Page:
It goes without saying that Wall Street loves well-managed companies. Well-managed companies provide consistent results, navigate through challenging periods like unforeseen supply chain disruptions, have balanced business portfolios, and, perhaps most importantly, operate paranoid (to paraphrase the late CEO Andy Grove) even when the overall business appears to be firing on all cylinders. Logitech is one of those companies.
In a highly transparent and candid three hour call with analysts earlier in the week, Bracken Darrell, Logitech’s president and CEO, reconfirmed the company’s Fiscal Year 2020 sales outlook of mid-to-high single-digit sales growth. The company provided a marginally reduced profit outlook due to coronavirus ($365-$375 million in non-GAPP operating income, down from its previous guidance of $375-$385 million). However, the company also announced its Fiscal Year 2021 outlook of mid-single-digit sales growth in constant currency and $380-$400 million in non-GAAP operating income. Perhaps even more important than its revenue growth guidance, Darrell expressed confidence in Logitech’s long-term business model—he expects non-GAAP margins to remain in the 36 to 40 percent span, with operating margin targets staying in the 11 to 14 percent array.
Given the well-documented supply chain disruptions from coronavirus occurring across the industry, Logitech’s guidance is quite remarkable. However, I do not believe Logitech’s consistency in business performance is a result of happenstance. I want to drill down on the three core reasons why I believe the company should be able to navigate through the current short-term supply dynamics better than other tech companies.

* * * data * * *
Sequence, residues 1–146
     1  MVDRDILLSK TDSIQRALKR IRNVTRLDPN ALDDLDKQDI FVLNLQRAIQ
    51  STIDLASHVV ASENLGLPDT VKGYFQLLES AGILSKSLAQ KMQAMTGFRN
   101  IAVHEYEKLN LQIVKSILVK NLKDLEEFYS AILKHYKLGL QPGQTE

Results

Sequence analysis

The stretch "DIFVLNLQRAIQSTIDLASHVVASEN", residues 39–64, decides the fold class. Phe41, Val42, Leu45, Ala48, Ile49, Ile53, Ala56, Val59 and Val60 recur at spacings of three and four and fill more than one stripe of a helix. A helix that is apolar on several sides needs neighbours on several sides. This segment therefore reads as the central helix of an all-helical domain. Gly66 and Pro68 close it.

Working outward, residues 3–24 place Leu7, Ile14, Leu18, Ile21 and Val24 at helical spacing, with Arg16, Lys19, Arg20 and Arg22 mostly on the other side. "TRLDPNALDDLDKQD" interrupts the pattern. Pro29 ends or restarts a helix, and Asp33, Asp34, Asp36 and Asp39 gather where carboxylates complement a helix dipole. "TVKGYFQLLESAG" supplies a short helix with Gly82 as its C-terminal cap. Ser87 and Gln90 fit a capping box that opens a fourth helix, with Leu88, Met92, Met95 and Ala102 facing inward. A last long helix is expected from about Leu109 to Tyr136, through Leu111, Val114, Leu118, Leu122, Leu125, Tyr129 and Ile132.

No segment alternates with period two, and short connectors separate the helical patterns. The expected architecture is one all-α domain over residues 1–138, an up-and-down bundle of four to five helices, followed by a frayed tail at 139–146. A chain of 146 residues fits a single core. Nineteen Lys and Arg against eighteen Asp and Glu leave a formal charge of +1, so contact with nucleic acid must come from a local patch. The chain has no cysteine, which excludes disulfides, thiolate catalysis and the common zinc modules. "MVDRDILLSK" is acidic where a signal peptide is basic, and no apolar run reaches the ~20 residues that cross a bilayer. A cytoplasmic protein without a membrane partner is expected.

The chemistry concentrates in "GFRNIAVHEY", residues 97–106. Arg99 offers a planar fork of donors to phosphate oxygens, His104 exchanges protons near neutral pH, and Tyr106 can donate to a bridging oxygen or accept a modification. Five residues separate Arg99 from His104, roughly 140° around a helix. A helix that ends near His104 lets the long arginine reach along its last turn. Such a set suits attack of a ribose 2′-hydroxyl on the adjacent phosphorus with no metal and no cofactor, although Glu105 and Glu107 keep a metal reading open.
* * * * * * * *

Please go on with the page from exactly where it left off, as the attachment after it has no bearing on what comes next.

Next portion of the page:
Reason #1: Demand for video and gaming products remains robust
Logitech just exited a record quarter in both sales and profit, in which sales blew past $900 million for the first time in the organization’s history. The company’s three largest business categories are its legacy PC peripherals segment (solutions that include keyboards and mice), gaming, and video collaboration. Not only did the company see strong growth across all three businesses, but gross margins have been firm—a considerable achievement given the impact of those pesky Chinese import tariffs. Logitech has an enviable reputation for consistently delivering great product designs, with over 250 design awards under its belt since Darrell joined the company as president in 2012. Even in stodgy product categories like keyboards and mice, revenue has grown at a respectable level. This is in large part thanks to paradigm-changing products like MX Master 3 and MX Keys that explicitly target creative professionals and coders.
Late 2020 and 2021 should also be a big year for Logitech in the gaming segment, since new Microsoft Xbox and Sony PlayStation consoles will be released this holiday season. Lastly, the company’s video collaboration business is in a good position. It was already on a hot streak, growing from $127 million in 2017 to $260 million in 2019, and now the coronavirus situation may drive up the desire for work-from-home set-ups. Apple also plans to significant refresh its iPad lineup in the spring, which could provide a nice tailwind for Logitech’s keyboard cover business.